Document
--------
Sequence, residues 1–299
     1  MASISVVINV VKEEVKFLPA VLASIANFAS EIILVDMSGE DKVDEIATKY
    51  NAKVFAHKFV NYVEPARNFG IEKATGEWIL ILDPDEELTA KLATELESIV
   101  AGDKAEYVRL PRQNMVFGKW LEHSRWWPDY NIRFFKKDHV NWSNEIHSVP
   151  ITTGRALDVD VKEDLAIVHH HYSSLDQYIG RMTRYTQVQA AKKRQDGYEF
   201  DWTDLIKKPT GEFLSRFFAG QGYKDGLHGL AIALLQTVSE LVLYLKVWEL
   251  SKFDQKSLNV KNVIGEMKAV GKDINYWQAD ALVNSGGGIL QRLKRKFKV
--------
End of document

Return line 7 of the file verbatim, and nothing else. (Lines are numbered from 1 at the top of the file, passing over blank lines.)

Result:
   251  SKFDQKSLNV KNVIGEMKAV GKDINYWQAD ALVNSGGGIL QRLKRKFKV